Note that log means the natural logarithm
According to Gauss he conjectured this about the distribution of prime numbers when he was a teenager:
Definition of : is the function that counts the number of primes less than x.
It is often stated using asymptotic notation:
Before getting anywhere near a proof of this we will need a tool called Abel's summation formula.
Let be a sequence and let be a differentiable function such that is Riemann integrable. If we define
then we have
Don't worry about the Riemann integral. It is simply a formal definition of the integral concept.
Proof: We will prove this by manipulating the left hand side.
By definition we know:
We can write this as two separate sums:
Now we change it back into one sum and separate the last term of the first sum:
The difference between two function values is the same as the integral of the derivative for the same interval:
Because A(n) equals to A(t) in the interval n to n+1(not considering the end points which do not change the value of the integral) we can write it as part of the integral:
The German mathematician Paul Bachmann introduced this notation in the second volume of his work Analytische Zahlentheorie. Edmund Landau who was also a number theorist adopted the notation and introduced related notations which are known as Landau symbols.
We can understand the notation by using an example. because there exist and such that whenever . We say is bounded by .
Pafnuty Chebyshev, a 19th century russian mathematician, used these two concepts in order to prove important theorems on the distribution of prime numbers.
Definition of : is known as the von Mangoldt function. It is defined as :
One important property of this function follows from the fundamental theorem of arithmetic:
The summatory function is called the Chebyshev function it is denoted by
We are going to apply Abel's lemma to . The reason we apply it to this particular function is it is a differentiable function that has got a relationship to prime numbers via the von Mangoldt function. Applying Abel's lemma for a_n = 1 and f(x) = \log(x) we get:
[x] is the greatest integer function of x. The difference between [x] and x is less than 1 We therefore have:
As 1 and O(log(x)) are bounded by log(x) we finally have:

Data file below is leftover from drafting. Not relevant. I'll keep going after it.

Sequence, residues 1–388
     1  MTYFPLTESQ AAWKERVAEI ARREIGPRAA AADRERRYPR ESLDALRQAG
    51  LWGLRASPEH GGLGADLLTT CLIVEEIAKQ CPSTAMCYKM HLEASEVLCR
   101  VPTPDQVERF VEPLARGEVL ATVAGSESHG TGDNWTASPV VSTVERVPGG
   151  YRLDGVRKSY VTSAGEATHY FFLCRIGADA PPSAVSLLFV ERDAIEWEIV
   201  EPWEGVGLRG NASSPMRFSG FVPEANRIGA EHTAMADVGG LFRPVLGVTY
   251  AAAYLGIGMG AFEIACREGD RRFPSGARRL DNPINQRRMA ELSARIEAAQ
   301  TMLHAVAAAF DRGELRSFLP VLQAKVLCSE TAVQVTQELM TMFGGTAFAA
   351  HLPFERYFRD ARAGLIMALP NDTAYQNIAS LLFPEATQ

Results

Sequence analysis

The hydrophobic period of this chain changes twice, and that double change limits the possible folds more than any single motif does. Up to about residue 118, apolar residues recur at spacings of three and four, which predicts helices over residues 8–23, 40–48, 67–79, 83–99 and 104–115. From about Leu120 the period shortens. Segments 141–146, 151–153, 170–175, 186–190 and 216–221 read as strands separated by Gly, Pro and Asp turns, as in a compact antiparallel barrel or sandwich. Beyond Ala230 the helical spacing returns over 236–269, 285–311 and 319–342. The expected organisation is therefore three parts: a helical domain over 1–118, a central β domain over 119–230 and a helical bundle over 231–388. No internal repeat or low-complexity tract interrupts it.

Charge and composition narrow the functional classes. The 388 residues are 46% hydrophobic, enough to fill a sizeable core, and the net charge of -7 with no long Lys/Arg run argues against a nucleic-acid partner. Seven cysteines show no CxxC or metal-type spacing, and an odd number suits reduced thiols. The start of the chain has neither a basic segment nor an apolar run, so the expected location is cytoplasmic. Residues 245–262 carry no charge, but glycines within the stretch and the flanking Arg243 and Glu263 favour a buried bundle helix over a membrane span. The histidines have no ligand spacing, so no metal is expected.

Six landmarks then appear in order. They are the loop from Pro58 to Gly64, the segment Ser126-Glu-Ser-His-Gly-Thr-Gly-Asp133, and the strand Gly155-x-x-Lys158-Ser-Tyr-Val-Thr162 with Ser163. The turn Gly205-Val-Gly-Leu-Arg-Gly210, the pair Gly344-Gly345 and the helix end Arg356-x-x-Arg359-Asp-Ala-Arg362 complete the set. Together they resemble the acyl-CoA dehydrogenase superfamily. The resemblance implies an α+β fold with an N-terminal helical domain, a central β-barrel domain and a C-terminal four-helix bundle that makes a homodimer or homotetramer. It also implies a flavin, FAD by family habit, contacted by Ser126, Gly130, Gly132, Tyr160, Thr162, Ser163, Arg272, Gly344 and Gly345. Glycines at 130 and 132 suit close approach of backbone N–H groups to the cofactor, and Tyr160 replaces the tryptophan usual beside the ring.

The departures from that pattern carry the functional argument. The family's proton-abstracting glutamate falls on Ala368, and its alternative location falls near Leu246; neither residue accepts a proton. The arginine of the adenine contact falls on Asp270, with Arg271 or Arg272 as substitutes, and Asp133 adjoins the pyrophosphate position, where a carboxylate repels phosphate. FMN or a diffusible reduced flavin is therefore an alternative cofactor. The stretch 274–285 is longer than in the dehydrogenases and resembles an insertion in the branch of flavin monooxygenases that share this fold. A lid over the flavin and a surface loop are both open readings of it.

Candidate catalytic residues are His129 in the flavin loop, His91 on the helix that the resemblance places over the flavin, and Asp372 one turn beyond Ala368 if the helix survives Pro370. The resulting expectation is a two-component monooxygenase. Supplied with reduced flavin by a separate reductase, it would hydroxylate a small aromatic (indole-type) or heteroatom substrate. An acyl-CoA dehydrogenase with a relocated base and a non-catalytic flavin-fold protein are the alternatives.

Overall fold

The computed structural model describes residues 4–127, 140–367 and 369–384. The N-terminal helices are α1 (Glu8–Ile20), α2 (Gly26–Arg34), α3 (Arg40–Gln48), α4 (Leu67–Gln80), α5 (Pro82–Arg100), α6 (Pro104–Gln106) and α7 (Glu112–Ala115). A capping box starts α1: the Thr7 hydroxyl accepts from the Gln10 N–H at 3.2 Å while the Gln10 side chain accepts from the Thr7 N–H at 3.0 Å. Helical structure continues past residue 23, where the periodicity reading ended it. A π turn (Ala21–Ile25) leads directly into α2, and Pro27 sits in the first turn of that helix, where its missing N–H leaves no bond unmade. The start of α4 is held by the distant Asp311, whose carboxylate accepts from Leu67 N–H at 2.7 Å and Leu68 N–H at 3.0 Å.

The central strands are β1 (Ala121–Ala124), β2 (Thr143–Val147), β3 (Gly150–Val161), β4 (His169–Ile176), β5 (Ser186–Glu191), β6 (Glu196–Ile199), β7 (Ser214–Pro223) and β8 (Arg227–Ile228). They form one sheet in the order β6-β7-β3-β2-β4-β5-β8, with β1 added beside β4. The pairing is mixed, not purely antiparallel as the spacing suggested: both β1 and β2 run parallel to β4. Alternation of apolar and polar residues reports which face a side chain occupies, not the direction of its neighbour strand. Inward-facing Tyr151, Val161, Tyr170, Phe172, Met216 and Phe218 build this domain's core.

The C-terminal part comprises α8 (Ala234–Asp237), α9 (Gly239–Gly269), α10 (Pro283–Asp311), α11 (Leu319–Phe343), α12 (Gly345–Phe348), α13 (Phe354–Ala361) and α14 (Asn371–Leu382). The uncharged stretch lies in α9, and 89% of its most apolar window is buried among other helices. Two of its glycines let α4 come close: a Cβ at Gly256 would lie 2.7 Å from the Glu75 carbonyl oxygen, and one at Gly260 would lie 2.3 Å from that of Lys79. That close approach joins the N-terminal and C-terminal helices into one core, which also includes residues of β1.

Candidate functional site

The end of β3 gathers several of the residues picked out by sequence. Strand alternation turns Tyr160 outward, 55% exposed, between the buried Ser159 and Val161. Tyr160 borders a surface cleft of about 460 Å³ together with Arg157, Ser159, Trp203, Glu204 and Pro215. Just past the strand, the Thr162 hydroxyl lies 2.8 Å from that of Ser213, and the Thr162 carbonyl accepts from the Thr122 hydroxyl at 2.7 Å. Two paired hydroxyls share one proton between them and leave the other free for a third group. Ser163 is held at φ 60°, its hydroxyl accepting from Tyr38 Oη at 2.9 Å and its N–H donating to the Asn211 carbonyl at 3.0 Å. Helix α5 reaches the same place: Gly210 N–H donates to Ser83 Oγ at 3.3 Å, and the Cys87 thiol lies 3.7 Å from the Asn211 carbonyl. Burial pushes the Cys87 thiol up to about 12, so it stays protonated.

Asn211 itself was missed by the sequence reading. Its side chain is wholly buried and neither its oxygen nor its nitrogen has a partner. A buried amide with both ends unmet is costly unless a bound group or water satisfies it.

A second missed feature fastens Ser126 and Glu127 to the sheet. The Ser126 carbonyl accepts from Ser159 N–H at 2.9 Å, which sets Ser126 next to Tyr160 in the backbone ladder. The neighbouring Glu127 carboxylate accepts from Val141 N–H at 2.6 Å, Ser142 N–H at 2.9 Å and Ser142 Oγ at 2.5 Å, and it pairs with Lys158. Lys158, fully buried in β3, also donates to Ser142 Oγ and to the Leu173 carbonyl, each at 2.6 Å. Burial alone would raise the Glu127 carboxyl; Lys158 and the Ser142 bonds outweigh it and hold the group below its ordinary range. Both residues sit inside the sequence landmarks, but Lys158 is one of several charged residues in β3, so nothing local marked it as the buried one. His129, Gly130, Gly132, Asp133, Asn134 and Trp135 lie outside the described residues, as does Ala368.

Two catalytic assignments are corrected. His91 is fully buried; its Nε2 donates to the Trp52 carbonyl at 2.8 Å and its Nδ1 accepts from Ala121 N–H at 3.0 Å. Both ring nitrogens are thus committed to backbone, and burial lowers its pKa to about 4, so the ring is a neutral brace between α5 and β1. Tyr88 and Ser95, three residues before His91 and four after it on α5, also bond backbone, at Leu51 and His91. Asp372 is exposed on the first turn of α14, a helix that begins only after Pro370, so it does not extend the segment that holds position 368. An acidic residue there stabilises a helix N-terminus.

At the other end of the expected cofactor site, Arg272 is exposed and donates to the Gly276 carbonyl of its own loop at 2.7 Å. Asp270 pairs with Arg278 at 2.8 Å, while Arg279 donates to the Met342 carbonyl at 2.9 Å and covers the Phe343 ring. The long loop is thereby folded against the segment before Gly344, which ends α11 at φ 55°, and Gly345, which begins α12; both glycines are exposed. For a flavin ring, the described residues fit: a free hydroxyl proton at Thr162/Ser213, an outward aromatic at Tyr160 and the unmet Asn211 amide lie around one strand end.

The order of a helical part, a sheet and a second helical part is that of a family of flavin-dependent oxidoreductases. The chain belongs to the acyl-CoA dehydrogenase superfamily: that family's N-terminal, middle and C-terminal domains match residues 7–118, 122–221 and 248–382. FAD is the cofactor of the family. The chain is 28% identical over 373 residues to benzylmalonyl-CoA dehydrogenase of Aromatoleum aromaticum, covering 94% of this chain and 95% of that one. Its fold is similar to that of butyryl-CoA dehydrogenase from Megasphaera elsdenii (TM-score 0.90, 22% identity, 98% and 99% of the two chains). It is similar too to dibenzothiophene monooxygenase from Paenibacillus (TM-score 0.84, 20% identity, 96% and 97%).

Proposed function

Returning to the von Mangoldt funtion[edit | edit source]
The connection to the von Mangoldt function goes as follows:
The first step should be pretty obvious. In the second step we rearrange the sums. The number of n less or equal to x dividing d is the greatest integer of or . We can also write this using the Chebyshev function:
Finding a bound for the Chebyshev function[edit | edit source]
But before finding a bound for , we find a bound for a related function which is defined as:
For this he had a really brilliant idea. Recall the binomial coefficient. Here is a formula for the binomial coefficient:
Regarding prime numbers we see that devides every prime number between and n-k. We therefore know:
Because of the binomial expansion of we know:
Taking the logarithm we get:
If we continue adding the ever smaller thetas together we get:
This shows that Theta is bounded by x, . But it doesn't show anything about of which we know that it is bigger than . We can however define in terms of :
As we do not have an infinite sum ( is 0 for arguments smaller than 2 ) we can say the sum is bounded by the largest term:
As the bounding function of the difference is smaller than x we know:
Plugging this into the our equation for the logarithm sum we have:
Dividing this by x removing the bounded terms we end up having:
Implications for the distribution of primes[edit | edit source]
We know that is bounded by x which is equivalent to:
We know that as is bounded by x the first of these to sums will be bounded by :
Each of the logarithms is at least :
We also know that:
Since the prime power components of the sum are bounded by a constant we know:
Now we choose a large number C so that there is a positive constant B so: